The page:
Ensuring women and girls access sexual and reproductive health rights in humanitarian settings in Ethiopia
During crises, women’s and girls’ rights are often neglected, because other priorities (food, shelter, safety) come first. Existing barriers to women’s and girls’ access to sexual and reproductive health (SRH) are exacerbated in humanitarian settings, worsening the already critical situation and making it harder for women and girls access their basic rights.
“I got married at the age of 15 and my family received the dowry from my husband's family. I got pregnant immediately and gave birth, dropped out of school…I wish someone had told me about birth control…my life would have been different,” says 17-year-old Puruel, from Nguenyyiel refugee camp in Gambella, Ethiopia.
Gambella region in Ethiopia hosts seven refugee camps with residents predominantly from South Sudan. The refugees are predominantly women and adolescent girls who menstruate, give birth, raise children, and are at risk of violence. They lack access to sexual, reproductive, maternal, newborn, child, and adolescent health (SRMNCAH) services, and harmful gender norms based in the patriarchal society related to planned parenthood, increase the risk to women’s health and access to opportunities.
“Cultural norms and practices, lack of education and shaming hinder women and girls from accessing sexual and reproductive health services, which negatively impacts their health,” says workshop participant Waizer Belay, Senior Expert, Family Guidance Association of Ethiopia.
In such circumstances, women and girls, especially adolescents, need strong advocates who will stand up for their rights, advocate for improved access to services, and who work tirelessly to change social norms that hinder women’s and girls’ access to SRMNCAH services. To support these advocates, UN Women Ethiopia brought together close to 40 participants from Ethiopian ministries, women’s rights and civil society organizations to train them on advocacy strategies that will allow them to enhance access to SRMNCAH services for women and girls in need.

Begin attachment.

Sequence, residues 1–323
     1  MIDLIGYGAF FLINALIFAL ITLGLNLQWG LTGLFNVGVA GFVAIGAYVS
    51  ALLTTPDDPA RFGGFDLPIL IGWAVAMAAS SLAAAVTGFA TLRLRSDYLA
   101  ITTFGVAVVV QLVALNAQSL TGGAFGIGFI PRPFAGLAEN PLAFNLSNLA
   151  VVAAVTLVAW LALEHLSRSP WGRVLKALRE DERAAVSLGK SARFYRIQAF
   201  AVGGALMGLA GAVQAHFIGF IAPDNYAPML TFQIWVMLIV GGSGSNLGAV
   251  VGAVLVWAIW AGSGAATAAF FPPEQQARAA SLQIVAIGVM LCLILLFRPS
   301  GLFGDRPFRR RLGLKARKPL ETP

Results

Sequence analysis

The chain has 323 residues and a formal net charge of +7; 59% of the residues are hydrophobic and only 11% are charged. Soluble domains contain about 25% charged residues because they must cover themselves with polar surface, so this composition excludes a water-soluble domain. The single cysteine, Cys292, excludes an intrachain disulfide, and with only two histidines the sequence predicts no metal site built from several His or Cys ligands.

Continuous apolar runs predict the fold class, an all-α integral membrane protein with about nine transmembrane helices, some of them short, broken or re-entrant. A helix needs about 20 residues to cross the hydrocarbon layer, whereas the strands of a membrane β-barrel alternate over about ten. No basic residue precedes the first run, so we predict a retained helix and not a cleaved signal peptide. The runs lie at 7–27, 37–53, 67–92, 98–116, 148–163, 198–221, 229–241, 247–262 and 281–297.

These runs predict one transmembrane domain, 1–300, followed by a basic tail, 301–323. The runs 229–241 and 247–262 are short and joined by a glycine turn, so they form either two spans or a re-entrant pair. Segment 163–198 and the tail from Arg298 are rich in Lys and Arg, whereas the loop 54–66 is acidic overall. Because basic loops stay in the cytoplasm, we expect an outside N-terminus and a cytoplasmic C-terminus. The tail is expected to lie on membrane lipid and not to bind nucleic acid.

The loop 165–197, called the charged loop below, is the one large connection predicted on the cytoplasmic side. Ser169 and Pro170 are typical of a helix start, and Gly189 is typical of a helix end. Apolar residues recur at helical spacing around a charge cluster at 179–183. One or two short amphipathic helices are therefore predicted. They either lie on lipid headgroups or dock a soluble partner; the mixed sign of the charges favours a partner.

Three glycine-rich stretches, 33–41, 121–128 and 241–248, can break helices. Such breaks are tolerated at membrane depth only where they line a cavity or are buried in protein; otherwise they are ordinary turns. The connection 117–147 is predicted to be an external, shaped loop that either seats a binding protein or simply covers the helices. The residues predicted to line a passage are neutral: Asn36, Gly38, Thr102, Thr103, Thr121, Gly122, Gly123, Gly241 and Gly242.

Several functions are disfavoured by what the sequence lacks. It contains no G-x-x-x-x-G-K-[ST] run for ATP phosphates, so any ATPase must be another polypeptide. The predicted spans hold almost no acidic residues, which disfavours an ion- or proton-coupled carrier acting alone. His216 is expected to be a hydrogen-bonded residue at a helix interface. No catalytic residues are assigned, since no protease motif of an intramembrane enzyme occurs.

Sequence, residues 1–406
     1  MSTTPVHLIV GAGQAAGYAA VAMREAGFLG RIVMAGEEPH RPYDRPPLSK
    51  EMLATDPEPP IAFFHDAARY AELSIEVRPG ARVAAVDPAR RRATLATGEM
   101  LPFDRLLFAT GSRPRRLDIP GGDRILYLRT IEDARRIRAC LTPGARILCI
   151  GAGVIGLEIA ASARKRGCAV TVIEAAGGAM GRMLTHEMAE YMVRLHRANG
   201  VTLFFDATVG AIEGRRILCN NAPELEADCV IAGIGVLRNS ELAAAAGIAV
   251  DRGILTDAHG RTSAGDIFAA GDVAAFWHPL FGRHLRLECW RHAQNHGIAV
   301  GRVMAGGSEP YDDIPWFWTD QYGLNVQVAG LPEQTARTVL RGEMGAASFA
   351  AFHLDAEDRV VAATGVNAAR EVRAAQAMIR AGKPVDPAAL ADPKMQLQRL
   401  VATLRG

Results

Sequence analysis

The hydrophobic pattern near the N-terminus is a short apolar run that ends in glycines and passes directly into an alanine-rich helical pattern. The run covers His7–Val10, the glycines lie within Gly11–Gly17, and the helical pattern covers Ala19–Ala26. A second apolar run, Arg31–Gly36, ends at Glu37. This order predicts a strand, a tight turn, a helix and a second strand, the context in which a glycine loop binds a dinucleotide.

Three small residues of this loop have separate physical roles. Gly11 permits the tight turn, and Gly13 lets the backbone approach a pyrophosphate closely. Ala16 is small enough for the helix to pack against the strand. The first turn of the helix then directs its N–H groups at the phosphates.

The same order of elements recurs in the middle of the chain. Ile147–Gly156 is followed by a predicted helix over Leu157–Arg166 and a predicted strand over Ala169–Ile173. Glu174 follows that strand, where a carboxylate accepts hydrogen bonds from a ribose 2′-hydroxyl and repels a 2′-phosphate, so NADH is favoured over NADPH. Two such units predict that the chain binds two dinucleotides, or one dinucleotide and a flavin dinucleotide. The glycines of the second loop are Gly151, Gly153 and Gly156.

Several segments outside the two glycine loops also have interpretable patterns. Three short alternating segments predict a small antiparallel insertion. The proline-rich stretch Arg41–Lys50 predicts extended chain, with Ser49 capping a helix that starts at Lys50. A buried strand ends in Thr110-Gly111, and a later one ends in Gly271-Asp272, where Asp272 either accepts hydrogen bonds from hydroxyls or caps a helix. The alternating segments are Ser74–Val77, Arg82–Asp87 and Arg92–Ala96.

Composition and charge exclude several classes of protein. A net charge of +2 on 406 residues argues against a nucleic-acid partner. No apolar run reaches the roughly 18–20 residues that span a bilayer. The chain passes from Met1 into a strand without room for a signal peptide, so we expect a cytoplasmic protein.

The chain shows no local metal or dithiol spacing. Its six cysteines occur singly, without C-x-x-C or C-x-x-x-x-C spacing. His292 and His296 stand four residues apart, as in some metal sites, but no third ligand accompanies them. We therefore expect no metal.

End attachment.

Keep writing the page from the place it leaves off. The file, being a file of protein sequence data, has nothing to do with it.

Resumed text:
The advocacy workshop was part of UN Women’s programme on adolescent health rights in humanitarian settings in the Horn of Africa Region (POWER), which is supported by the Austrian Development Agency. POWER aims to support every woman, child, and adolescent girl, demanding her right to quality health services, particularly in humanitarian settings. The training focused on strengthening the participants’ capacity to advocate for and enhance SRMNCAH service use among women and girls, deal with gender barriers and address gender inequality across all levels to access SRMNCAH services.
“It is a vicious cycle: if pregnant women or young mothers are not healthy, how we can expect children to be healthy? We must invest more in improved nutrition, education, awareness raising, health services and prevention of violence for adolescent girls. Especially, for girls in humanitarian settings,” says workshop participant Dr. Aster Teshome, Founder and President, Centre for Adolescent Girls’ Health.
The POWER programme is implemented in Uganda and Ethiopia – countries that host most of the refugees in the Horn of Africa. It focuses on three outcomes specifically in refugee camps and host communities: ensuring there are frameworks that take into consideration women’s and girls’ access to SRMNCAH services in humanitarian settings; improving gender norms and practices; and empowering women and girls to exercise their rights to services. Education, awareness raising and community work in refugee camps and host communities are critical elements of the programme.
“In partnerships with International Medical Corps, UN Women has implemented the programme in three selected Woreda hosting communities and three South Sudanese refugee camps located in Gambella region for the last two years. We were able to reach 42,176 women and change the mindset of 147,466 men,” says Tigist Worku, Gender and Public Health Specialist, UN Women Ethiopia, adding that “only through working on gender equality and via women’s empowerment, we will address barriers preventing women, children, and adolescents from demanding and realizing their rights to SRMNCAH services.”
Workshop participants were able to learn about advocacy strategies, exchange best practices from their organizations, gain understanding of current laws and frameworks, discuss common challenges and the ways they can collaborate and unanimously agreed that there must be a stronger coordination at national and local levels.
“To enhance women’s access to services, we need a multi-sectoral approach where different ministries and departments address issues holistically because issues are interlinked. UN Women has been instrumental in bringing us together and building platforms for us to collaborate, to ensure that every woman and girl in refugee camps and host communities know of their rights, and can freely exercise them,” says Lealem Birhan, Team Leader, Ministry of Women and Social Affairs Ethiopia.